I was working with a client recently and they use a lot of audio files, like when they record customer service calls for quality assurance. When things go great, they wanted to highlight these cases of awesome customer support in audio clips in blog posts.
They found the default SharePoint audio player less than appealing and wanted something better. In today’s post I’ll show you something maybe you didn’t know about your web browser, and how to use it to make this experience better.
When you click Insert –> Video or Audio –> From SharePoint, then choose an audio file on a SharePoint page, this is what you get:
I know what you’re thinking, bleh. It uses the same video player for an audio file, and leaves this blank thumbnail image. Sure you could specify a thumbnail image, but sometimes you don’t. Let’s make this better.
First, there are web parts out there that could potentially help like this one from Amrein. It looks a little dated but it could work, and not bad for $75. The problem however is that you can’t add web parts to blog posts in SharePoint. But you CAN insert code snippets.
Whether you knew it or not, all the major web browsers from the time they added HTML5 support have a minimized audio player baked in, and is rendered when you insert an HTML5 <audio> tag. In IE11 for example this is what would render:
You can use mp3, wav and ogg, (varies slightly by browser version) supported by these minimum browser versions per w3schools:
There’s actually a really good thorough write-up over at html5 doctor. Each browser renders it a little differently, but they are all a nice little minimized audio player.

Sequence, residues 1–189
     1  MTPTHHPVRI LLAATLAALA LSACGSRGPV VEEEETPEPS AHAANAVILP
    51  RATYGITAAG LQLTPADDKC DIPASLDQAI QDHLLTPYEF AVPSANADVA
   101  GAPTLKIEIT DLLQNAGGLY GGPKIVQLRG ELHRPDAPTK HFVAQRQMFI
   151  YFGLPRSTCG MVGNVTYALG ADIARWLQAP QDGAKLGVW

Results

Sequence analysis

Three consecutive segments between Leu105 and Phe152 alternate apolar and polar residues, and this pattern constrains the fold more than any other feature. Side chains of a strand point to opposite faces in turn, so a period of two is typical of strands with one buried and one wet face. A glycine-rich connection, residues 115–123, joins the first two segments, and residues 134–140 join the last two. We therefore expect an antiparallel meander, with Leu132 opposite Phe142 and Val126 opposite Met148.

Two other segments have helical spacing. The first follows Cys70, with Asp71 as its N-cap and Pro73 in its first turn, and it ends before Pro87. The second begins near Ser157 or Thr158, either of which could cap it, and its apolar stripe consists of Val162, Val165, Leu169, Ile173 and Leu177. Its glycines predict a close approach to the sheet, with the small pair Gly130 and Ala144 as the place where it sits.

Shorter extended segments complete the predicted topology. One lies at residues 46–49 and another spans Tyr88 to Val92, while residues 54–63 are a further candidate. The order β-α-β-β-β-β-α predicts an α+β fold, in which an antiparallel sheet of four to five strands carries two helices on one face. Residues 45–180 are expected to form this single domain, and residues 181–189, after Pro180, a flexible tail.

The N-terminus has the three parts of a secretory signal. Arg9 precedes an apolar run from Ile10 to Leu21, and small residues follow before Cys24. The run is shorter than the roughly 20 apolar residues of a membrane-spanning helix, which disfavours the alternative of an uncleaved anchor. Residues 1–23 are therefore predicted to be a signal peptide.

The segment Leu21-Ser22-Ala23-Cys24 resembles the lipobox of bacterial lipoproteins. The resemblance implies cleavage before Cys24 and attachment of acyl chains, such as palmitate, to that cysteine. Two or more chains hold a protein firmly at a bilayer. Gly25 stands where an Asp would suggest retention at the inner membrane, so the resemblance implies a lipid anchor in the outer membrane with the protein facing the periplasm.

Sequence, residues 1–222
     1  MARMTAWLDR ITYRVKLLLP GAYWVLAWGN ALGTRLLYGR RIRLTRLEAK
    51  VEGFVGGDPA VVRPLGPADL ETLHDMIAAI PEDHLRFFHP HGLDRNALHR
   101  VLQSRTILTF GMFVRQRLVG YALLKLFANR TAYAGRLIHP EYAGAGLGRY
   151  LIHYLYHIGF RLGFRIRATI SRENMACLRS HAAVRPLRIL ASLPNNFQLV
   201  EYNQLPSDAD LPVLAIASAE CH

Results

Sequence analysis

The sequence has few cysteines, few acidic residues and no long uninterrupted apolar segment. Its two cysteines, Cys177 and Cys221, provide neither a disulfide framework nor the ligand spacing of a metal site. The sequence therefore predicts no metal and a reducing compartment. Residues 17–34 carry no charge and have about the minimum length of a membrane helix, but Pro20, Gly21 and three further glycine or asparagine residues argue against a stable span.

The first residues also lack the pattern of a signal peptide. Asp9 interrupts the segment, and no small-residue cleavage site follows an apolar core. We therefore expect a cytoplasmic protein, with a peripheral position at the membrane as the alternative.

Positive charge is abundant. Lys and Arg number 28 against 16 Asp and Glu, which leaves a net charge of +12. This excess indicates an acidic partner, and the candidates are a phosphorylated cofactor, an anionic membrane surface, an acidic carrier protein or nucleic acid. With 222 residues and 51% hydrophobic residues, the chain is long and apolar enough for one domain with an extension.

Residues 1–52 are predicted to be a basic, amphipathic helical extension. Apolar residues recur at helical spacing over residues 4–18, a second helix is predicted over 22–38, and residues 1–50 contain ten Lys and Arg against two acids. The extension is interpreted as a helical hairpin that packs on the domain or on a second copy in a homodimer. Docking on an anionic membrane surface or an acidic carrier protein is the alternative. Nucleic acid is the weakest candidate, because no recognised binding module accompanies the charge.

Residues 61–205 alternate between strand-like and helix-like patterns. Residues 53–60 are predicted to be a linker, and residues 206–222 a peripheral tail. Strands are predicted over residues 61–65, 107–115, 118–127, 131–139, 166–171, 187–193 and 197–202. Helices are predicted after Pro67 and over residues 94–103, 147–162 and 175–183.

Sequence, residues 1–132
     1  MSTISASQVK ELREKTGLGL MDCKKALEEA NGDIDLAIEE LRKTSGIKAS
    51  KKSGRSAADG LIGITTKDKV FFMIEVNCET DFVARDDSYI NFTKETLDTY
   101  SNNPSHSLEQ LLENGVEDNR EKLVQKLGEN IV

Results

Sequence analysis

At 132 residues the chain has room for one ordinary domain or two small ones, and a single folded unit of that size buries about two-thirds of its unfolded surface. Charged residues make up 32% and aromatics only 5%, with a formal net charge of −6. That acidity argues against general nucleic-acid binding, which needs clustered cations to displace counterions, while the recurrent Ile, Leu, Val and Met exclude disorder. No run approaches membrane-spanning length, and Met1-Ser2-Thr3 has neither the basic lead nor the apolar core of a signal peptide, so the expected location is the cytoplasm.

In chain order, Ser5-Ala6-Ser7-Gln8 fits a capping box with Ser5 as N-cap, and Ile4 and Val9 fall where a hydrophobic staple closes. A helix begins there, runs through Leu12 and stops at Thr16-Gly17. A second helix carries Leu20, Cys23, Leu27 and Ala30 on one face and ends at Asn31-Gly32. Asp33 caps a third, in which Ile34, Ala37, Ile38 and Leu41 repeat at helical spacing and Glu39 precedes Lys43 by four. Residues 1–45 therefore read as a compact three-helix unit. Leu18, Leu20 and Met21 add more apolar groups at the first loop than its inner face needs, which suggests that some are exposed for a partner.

So go to your SharePoint page, and insert a script editor or insert “embed code”. Paste the following embed code:
<audio src="/sites/sandbox/Assets/Allegro%20from%20Duet%20in%20C%20Major.mp3" preload="auto" controls="controls" unselectable="on"></audio>
If you can’t remember this code, go here and answer a few questions and have the code spit out for you.
Update the selected portion to paste either a full or relative path to the audio file. You can review the various options for tag at the links above. You can specify alternative players, or text if the player won’t render at all.
If you’re using SharePoint 2010, you would use a content editor web part.
There are other players out there, and with a little bit of code you totally extend this to be way more powerful and customizable, or have a audio/video player in one block of code. Give it a try!
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